Agitator-plunger 60 comprises a shaft 82 positioned in aperture 78 and having an end 84 positioned outside container 56 and an end 86 positioned within container 56. Outer end 84 may be bent to form a handle 88. Inner end 86 is connected to agitator-plunger head 90. Agitator-plunger head 90 comprises a top disc 92, a bottom disc 94, and a gasket 96, which in a specific embodiment is an O-ring positioned in groove 98 machined in part in disc 92 and in part in disc 94. Bottom disc 94 is suitably secured to shaft 82 adjacent end 86 and can not rotate independently of shaft 82. Top disc 92 is rotatably mounted to shaft 82 adjacent inner end 86. Disc 92 is parallel to and directly above bottom disc 94. In a specific embodiment, top disc 92 has at its center an aperture 102 in which is journaled a sleeve 104. Sleeve 104 has a threaded interior and is secured to end 86 of said shaft 82 and disc 94 by a conventional screw 105 received in sleeve 104, whereby rotational movement of top disc 92 independent of said shaft 82 bottom disc 94 is accommodated, as will be discussed below.
Assembled, gasket 96 is positioned in groove 98 and the lower surface 106 of top disc 92 and the upper surface 108 of bottom disc 94 are superimposed one on the other. Relative movement between the top disc 92 and the bottom disc 94 is normally prevented by friction therebetween. Gasket 96 has a diameter slightly greater than that of discs 92 and 94 so as to provide a seal between agitator-plunger head 90 and the inner surface 110 of shell 58.
Top disc 92 is made of rigid sheet material having a plurality of apertures 112 in a spaced-apart relationship, as shown in FIG. 3. In the upper surface 114 of said top disc 92, there are a plurality of teeth 116 secured to the inside surface 114 and arranged to extend generally axially of shaft 82 and point upwardly from surface 114. In the specific embodiment illustrated, each tooth 116 has a split-tubular base which is frictionally fit into an aperture 112.
Like top disc 92, bottom disc 94 is made of rigid sheet material having a plurality of apertures 120 in a spaced-apart relationship. The location of apertures 112 in top disc 92 and aperture 120 in disc 94 is identical such that discs 92, 94 when mounted on shaft 82 and superposed on each other can be rotated relative to each other to coaxially position individual apertures 112 and 120.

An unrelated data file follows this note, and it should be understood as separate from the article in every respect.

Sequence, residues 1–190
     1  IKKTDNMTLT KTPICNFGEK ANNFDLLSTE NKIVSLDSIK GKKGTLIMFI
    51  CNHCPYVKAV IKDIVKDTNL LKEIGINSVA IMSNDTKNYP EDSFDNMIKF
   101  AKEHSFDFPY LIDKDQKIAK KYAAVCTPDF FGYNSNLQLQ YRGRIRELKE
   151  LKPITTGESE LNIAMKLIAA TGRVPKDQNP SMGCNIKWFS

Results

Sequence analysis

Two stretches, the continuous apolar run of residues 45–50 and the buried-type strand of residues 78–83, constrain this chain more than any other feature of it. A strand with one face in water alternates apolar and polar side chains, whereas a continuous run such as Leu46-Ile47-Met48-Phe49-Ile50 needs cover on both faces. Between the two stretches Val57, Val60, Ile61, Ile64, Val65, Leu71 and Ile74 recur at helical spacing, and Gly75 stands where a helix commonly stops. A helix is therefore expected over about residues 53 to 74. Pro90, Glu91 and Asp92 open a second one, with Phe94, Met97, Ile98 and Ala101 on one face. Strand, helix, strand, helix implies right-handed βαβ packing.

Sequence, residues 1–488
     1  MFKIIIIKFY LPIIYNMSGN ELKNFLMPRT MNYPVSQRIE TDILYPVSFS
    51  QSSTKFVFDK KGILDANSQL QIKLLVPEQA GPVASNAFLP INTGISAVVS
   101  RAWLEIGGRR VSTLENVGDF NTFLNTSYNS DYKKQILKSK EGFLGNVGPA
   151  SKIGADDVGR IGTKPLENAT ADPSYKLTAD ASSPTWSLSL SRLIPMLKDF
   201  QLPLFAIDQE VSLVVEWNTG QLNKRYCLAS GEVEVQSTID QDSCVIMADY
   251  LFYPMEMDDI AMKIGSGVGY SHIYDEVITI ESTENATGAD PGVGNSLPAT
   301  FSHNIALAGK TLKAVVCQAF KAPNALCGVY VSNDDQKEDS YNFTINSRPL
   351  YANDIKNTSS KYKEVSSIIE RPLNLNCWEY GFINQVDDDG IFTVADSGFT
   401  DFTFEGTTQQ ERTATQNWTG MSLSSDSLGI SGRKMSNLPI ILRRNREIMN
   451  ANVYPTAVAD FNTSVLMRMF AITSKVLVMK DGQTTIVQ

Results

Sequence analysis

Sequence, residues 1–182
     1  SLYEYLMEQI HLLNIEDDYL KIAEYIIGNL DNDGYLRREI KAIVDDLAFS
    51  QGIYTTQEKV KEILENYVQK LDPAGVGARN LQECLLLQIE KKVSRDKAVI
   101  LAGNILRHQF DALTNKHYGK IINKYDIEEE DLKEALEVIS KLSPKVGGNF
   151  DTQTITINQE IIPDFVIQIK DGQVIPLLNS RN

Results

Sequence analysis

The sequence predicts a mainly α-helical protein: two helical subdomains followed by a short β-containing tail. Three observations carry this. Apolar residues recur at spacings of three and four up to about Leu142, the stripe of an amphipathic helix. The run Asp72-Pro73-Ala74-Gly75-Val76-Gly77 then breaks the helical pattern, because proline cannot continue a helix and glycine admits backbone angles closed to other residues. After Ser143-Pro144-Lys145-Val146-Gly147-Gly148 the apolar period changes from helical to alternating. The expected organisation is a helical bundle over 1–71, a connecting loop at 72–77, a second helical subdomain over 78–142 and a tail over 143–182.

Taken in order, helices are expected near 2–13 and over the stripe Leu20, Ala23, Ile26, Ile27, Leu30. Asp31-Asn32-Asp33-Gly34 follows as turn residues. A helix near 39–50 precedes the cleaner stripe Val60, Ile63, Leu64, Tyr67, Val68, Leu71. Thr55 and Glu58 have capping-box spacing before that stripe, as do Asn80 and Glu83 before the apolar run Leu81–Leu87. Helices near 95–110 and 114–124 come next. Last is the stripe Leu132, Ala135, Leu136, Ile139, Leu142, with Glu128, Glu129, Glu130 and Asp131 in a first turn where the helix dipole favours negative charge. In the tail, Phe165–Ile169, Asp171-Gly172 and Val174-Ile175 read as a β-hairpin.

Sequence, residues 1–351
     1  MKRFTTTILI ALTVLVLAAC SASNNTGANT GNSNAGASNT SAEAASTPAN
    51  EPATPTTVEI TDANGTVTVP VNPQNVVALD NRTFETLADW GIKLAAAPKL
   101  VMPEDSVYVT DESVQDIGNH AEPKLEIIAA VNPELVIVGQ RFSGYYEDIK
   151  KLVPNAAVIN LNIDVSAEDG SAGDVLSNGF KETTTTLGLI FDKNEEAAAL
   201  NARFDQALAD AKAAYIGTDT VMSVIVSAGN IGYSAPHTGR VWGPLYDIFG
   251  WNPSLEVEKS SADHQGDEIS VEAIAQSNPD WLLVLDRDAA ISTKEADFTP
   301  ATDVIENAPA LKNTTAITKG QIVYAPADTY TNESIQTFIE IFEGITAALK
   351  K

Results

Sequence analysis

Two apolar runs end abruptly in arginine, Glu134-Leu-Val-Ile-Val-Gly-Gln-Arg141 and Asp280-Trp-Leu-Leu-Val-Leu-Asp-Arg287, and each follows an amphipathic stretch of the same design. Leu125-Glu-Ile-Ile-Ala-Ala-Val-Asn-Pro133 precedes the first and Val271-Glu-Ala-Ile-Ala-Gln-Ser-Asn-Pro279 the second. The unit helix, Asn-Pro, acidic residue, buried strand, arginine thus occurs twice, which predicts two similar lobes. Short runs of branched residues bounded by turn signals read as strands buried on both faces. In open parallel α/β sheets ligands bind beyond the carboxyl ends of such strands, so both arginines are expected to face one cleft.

Foam disc 59 is formed of sheet foam material, disc 59 being made of styrofoam in a specific embodiment. Disc 59 has at its center an aperture 122 in which shaft 82 is coaxially positioned. The diameter of disc 59 is slightly smaller than the inside diameter of shell 58 so that disc 59 may be located inside said shell 58 perpendicular to shaft 82 in parallel spaced-apart relationship with agitator-plunger head 90. Disc 59 is positioned between upper cap 62 and agitator-plunger head 90 and has a thickness sufficient for teeth to be imbedded therein when agitator-plunger head 90 and disc 59 are urged together.
Positioned within shell 58 is at least one breakable container 128. Breakable container 128 can be made of any relatively durable material which is breakable upon impact with teeth 116 of disc 92 or can be pierced by teeth 116 when disc 59 and agitator-plunger head 90 are urged together. In a specific embodiment, container 128 can be made of a plastic sheet material such as DACRON polyester or the like.
In practice, container 56 is capable of storing and completely mixing two or more incompatible materials, and acting as both a shipping and storage container for those materials. The largest volume material is positioned within shell 58; the remaining incompatible materials are each placed within a breakable container 128. Breakable containers 128 are positioned within the shell 58 between the disc 92 and the disc 59. The apertures 112 and 120 in the discs 92 and 94 are aligned when the container 56 is loaded. Disc 94 is preferably positioned adjacent disc 76 thereby positioning a major portion of shaft 82 within container 56.
Prior to use, the mixing of the materials within the container 56 can be achieved by axially moving the agitator-plunger 60 axially of the shaft 82 so as to engage the teeth 116 with the breakable containers 128 and to thereby break or pierce the containers allowing the incompatible components of the mixture to flow together. Repeated upward movement and rotational movement of the agitator-plunger 60 and the imbedding of the teeth 116 in the disc 59 may be necessary in order to break all of the containers 128 in the container 56. Further, it should be noted, that the apertures 112 and 120 respectively in the discs 92 and 94 must be aligned before the agitator-plunger 60 can be axially moved. Preferably, apertures 112 and 120 in discs 92 and 94 are aligned when container 56 is loaded. In the specific embodiment in which the disc 76 is transparent, the alignment of the apertures 112 and 120 can be easily checked, visually, by positioning the agitator-plunger 60 adjacent to disc 76.